By Brigid Driscoll and Lara Sullivan / New Mexico News Port
Movie theater ticket sales peaked in 2002 and were slowly declining until the pandemic shuttered indoor spaces and tanked sales. They are now rebounding, but in 2021 theater-goers bought fewer than 500 million tickets, less than half of the 2019 total.
Meanwhile, Netflix has 221 million worldwide subscribers; Disney Plus 130 million and HBO Max 77 million.
Netflix says its subscribers watch an average of more than three hours of video per day.
“I love watching Netflix,” Downtown resident Drake Tyler says, “It’s really nice to be able to pause it, and come back to it whenever I want. It’s also kind of part of the culture at work, you know, to be able to talk to my coworkers about the latest episode of Inventing Anna or whatever.”
Theaters innovate the hard product
Both AMC and Cinemark stock hit historic lows in the winter of 2020, forcing theater companies to get creative in competing with major streaming giants. Since the dawn of cinema, theaters have strived to create comfortable and welcoming spaces at attract moviegoers to see their showings.
The COVID-19 pandemic has urged companies to get creative in their amenities to lure back the customers they lost over the shutdown.
Century Rio 24 has installed new, more comfortable seats, some featuring “rumblers” that vibrate or shake the seat in tandem with action on the screen, and every ticket now comes with assigned seating.
Most theaters have improved their screen and video quality and invested in bigger, better sound systems. IMAX theaters have screens that extend beyond peripheral vision, giving you a sense of being right in the action.
“Even though streaming services have become more convenient recently, I still prefer to go to the movie theater and get the whole cinematic experience”, stated Michael Ary outside of the new Batman movie.
Businesses like Flix Brewhouse and other dine-in cinemas, have attracted moviegoers by offering better food and drink options. Each theater has an in-house brewery, short wine list, and kitchens serving chicken wings, mac and cheese and fish tacos.
“People are ready to go to the movies,” said Will Moorman, regional head brewer at Flix Brewhouse.
Some cinemas have upgraded their theaters in ways designed to make people feel safer during the Coronavirus pandemic, installing top of the line air filters and allowing customers to distance themselves from others by choosing their seats ahead of time.
Many titles were delayed or released on-demand in 2020 and 2021, but this summer dozens of films are scheduled for in-theater release. And for many movie fans it might be their first time back in the theater.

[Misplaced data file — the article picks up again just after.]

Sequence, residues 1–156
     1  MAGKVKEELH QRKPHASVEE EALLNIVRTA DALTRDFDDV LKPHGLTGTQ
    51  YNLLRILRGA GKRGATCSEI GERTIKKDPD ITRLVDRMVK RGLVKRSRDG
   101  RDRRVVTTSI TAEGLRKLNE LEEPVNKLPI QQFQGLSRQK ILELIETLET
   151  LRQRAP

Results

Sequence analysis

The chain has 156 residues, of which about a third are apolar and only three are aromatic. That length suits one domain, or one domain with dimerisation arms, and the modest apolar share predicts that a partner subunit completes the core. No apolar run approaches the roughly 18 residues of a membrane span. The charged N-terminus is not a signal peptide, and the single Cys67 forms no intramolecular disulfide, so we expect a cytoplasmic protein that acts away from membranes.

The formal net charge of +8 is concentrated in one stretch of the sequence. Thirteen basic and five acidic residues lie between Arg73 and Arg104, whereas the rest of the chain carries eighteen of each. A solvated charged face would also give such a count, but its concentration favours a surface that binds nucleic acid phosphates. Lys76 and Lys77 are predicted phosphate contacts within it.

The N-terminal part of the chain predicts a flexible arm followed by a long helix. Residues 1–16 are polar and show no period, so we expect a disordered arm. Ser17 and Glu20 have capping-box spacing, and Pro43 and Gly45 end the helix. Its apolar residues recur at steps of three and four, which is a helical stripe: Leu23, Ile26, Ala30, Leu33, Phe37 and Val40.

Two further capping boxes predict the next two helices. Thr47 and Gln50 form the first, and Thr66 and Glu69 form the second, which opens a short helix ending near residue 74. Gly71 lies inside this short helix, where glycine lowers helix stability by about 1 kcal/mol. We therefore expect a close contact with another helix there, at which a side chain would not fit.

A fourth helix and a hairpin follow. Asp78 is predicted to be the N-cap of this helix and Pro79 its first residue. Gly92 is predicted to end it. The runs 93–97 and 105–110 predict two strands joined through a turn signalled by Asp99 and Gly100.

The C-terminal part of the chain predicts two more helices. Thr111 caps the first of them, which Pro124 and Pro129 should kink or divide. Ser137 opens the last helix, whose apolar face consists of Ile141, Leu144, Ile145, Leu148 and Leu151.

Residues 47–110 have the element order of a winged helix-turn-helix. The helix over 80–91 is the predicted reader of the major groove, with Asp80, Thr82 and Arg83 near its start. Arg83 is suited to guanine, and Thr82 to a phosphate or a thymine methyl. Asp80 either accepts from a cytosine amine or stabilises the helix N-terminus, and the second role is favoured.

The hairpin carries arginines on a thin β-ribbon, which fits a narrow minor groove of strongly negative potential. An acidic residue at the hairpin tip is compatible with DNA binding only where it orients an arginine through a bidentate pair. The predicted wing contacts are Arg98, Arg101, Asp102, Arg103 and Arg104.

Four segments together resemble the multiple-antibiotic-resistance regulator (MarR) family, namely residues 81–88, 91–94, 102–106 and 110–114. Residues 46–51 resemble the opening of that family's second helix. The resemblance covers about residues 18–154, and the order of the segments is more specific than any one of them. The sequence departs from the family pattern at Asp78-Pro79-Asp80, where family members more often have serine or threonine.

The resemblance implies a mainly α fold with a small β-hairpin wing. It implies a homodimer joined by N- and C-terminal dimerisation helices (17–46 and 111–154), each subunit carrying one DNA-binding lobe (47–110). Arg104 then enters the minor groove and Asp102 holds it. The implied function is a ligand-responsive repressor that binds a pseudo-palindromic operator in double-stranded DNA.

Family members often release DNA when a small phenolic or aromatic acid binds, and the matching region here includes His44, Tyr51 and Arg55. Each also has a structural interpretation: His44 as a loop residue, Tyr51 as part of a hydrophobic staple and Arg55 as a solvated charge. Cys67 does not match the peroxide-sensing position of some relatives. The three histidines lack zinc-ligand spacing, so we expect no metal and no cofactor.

“The longer we are open, and the farther we get away from the mask mandate, for better or for worse, people are starting to feel more comfortable doing things,” Moorman says.
Long-awaited movies that have been delayed are finally being released this summer and as the temperature rises, so does demand for a cool dark respite from the harsh summer heat.
Zak Green, a local bartender at 505 Central Food Hall, says that he enjoys movies, “especially in the summer. They’re very cold and dark, it’s like a childhood creature comfort.,
“I’m really excited to see Everything Everywhere All At Once,” Green Says, “I’ve had COVID and gotten through it, so I’m willing to chance whatever risk there might be.”
“Initially when we were first opening, stuff was getting pushed back, literally every week,” Moorman says , speaking about last summer, when some locations were beginning to reopen. He too was disappointed, just like we were, when movie production companies felt that it was too risky and unpredictable to risk releasing films that could either be ill-attended, or worse, facilitate a community falling ill with COVID-19.
Now that theaters are fully open with new and improved amenities, this summer season can expect a great return to the movies and the continued gathering of friends and family to go experience a film together. The the public is excited to be entertained once again in such a historic way.
Grace Neimens recently moved to Downtown Albuquerque from Seattle, where she often attended movies with friends. “It’s a group experience, I love it.” says Neimens
Brigid Driscoll and Lara Sullivan are reporters for New Mexico News Port and can be reached at firstname.lastname@example.org.